News & Information

Sign up here to receive our newsletter and other money saving tips.

Equity-Indexed Universal Life Insurance

Equity-indexed universal life insurance (EIUL) is a type of permanent, cash value life insurance. Like universal life insurance (UL), EIUL offers you the ability to change your level of protection, premium amounts, and payment frequency.

EIUL Background
Life insurance companies develop new products to meet changing insurance needs and demands. For many years, whole life insurance (WL) met the need for permanent life insurance protection by providing a permanent death benefit, fixed premium, guaranteed minimum interest, and sometimes dividends. But WL does not offer you much flexibility relative to premiums, death benefits, and earnings.

Universal life insurance adds flexible policy features not found in whole life. UL gives you options regarding the timing and amount of premium payments, and the opportunity to change your death benefit. UL policy cash values earn a minimum interest rate, and may earn higher interest if the policy issuer’s investments perform favorably.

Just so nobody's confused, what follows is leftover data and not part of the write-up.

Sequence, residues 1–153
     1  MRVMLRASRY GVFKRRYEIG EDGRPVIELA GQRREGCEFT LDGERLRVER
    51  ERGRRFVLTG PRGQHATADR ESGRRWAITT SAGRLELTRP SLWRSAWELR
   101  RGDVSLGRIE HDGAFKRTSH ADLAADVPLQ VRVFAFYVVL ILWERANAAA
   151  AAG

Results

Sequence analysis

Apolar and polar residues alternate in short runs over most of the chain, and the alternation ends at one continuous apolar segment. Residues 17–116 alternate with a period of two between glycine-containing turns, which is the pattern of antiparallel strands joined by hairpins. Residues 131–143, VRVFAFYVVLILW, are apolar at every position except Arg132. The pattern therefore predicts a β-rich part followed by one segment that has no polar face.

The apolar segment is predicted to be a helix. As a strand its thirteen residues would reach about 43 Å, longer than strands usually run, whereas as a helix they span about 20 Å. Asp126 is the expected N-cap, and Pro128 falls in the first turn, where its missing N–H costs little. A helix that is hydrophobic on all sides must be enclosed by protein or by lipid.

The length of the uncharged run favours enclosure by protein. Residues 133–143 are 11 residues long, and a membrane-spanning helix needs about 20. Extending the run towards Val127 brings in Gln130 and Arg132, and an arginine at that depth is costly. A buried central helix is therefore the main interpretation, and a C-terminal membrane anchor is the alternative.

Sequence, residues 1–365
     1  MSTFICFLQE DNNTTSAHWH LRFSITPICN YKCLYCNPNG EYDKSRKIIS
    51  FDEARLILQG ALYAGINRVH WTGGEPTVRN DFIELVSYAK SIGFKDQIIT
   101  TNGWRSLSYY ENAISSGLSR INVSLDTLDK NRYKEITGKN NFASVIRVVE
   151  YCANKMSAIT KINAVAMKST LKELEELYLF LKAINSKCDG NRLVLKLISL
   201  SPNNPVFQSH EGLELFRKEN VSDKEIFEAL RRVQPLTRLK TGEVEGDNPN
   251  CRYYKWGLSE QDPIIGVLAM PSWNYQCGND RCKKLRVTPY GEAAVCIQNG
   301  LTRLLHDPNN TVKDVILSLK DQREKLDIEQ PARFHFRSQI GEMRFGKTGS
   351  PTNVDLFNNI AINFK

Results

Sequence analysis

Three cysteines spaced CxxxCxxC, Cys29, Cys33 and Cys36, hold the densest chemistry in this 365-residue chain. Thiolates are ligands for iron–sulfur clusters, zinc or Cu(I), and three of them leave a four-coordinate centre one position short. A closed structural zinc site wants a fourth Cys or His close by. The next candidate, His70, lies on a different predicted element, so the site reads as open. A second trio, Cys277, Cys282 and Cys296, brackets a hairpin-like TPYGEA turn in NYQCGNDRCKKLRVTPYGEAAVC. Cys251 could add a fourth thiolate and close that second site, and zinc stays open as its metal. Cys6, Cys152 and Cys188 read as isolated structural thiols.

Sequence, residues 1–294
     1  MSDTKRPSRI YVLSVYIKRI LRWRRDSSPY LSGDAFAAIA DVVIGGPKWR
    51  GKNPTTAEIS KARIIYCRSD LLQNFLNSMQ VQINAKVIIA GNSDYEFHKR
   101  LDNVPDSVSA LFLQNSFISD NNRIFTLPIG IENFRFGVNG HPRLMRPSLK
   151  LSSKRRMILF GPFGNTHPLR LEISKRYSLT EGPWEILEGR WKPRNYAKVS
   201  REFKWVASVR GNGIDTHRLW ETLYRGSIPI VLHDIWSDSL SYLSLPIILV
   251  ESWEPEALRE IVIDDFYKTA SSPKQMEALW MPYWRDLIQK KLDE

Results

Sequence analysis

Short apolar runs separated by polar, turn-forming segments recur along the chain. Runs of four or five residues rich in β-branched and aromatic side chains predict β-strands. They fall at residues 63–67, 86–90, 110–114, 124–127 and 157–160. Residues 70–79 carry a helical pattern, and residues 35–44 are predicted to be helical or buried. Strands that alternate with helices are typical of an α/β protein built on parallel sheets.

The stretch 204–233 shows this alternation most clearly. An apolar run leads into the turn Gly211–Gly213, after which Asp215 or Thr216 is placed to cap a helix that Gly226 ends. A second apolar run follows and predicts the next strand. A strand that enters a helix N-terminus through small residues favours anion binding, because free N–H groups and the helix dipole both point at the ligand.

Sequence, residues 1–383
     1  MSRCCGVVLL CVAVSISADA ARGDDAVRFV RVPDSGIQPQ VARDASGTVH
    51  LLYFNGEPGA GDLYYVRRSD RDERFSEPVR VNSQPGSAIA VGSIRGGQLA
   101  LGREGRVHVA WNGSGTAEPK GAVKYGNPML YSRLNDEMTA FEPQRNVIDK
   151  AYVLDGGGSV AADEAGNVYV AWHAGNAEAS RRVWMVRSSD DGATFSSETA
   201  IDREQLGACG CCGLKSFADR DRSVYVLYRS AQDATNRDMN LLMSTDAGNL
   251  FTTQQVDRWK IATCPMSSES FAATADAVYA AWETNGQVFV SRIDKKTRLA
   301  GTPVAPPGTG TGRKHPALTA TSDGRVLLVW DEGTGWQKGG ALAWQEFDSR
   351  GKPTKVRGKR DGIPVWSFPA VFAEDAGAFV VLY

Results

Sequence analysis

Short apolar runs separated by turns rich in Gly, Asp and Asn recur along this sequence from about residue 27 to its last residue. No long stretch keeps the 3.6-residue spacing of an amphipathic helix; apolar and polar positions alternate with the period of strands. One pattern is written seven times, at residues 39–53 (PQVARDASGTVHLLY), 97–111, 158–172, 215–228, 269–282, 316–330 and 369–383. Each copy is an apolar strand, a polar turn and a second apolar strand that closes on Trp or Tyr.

How does it work?
EIUL is a form of universal life insurance with excess interest credited to cash values. But, unlike UL, the amount of interest credited is tied to the performance of an equity index, such as the S&P 500. Like some UL insurance policies, most EIUL policies provide a minimum interest credited to cash values, even when the index produces negative returns. Some EIUL policies offer a minimum death benefit. As long as the premium is paid on time, the coverage will not lapse.

Cash value may be withdrawn
Cash values in EIUL grow tax deferred, meaning, in most cases, you do not pay income tax on interest credited to cash values within the policy. However, you can access the policy’s cash value during your lifetime. You can take tax-free withdrawals up to your policy basis (premiums paid), and you can take policy loans against the cash value as well. Cash withdrawals may be subject to surrender or withdrawal charges that would reduce the policy’s cash value. Also, cash withdrawals and policy loans may reduce the policy’s death benefit and cash values.